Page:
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Shah, Alpa and Lerche, Jens (2020) 'Migration and the Invisible Economies of Care: Production, social reproduction and seasonal migrant labour in India.' Transactions of the Institute of British Geographers, 45 (4). pp. 719-734.

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Abstract

This paper focuses on the processes of migrant labour exploitation which are crucial for capitalist growth and the inequalities they generate. Ethnographic research conducted in different sites across India shows how patterns of seasonal labour migration are driven by class relations marked by hierarchies of identity (caste and tribe) and the spatial geopolitics of internal colonialism (region) – differences that are mobilised for accumulation. Labour migration scholarship has mainly explored sites of production. We extend recent social reproduction theory (SRT) and an older literature on labour migration and reproduction to argue that the intimate relationship between production and social reproduction is crucial to the exploitation of migrant labour and that this means we have to place centre‐stage the analysis of invisible economies of care which take place across spatiotemporally divided households, both in the place of migration and in the home regions of migrants. Furthermore, we develop recent work on SRT and migration to argue that an analysis of kinship (gender over generations, not just gender) is crucial to these invisible economies of care. This analysis is important in showing the machinations of capitalist growth and for political alternatives.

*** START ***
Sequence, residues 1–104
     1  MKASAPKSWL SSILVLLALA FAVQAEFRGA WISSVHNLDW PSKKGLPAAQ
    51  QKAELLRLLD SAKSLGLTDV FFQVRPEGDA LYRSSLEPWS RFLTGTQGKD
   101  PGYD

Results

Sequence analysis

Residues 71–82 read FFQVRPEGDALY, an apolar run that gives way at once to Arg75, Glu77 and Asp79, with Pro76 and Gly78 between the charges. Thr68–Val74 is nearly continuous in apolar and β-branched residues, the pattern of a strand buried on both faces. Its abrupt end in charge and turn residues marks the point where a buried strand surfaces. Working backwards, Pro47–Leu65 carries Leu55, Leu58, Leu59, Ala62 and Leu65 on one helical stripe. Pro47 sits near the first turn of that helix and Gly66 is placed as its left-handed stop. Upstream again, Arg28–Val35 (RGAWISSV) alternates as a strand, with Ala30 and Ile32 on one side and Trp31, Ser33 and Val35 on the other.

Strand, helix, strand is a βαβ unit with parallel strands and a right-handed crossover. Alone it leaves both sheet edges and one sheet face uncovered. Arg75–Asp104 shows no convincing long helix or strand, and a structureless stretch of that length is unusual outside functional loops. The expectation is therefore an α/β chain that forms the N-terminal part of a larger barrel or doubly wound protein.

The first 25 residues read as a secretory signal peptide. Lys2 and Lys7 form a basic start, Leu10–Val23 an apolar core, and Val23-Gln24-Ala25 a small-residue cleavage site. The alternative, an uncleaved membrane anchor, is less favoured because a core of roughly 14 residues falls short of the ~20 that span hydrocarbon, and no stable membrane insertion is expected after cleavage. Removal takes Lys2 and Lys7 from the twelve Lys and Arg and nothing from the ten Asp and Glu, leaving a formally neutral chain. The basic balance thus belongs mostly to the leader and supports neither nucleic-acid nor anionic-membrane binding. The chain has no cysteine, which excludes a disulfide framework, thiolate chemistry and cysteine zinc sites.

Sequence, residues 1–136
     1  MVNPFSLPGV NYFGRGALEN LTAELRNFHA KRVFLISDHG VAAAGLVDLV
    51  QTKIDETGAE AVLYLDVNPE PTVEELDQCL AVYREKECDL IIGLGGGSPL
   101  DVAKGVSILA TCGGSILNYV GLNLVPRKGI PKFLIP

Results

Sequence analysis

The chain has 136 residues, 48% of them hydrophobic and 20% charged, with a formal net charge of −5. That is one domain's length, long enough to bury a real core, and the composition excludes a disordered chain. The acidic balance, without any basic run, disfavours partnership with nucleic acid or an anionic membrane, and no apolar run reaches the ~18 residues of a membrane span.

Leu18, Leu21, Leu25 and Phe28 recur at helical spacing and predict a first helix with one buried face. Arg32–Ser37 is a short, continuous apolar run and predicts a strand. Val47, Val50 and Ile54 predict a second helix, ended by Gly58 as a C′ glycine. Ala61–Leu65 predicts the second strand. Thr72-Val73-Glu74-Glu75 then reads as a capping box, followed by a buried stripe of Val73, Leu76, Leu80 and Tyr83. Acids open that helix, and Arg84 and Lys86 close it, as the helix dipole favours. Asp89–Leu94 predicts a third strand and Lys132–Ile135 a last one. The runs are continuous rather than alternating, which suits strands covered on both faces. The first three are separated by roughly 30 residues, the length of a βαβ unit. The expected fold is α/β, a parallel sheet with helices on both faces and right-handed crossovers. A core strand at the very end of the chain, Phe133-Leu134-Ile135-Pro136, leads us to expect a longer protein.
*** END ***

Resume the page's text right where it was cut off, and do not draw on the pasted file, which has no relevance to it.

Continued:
Item Type: Journal Article
Keywords: India, ethnography, migration, labour, care, household
SOAS Departments & Centres: Departments and Subunits > Department of Development Studies
Subjects: H Social Sciences > HT Communities. Classes. Races
ISSN: 14755661
Copyright Statement: © 2020 The Authors. This is an open access article under the terms of the Creative Commons Attribution License, which permits use, distribution and reproduction in any medium, provided the original work is properly cited. https://creativecommons.org/licenses/by/4.0/
DOI (Digital Object Identifier): https://doi.org/10.1111/tran.12401
Date Deposited: 03 Jul 2020 07:59
URI: https://eprints.soas.ac.uk/id/eprint/33159
Funders: Economic and Social Research Council, European Union

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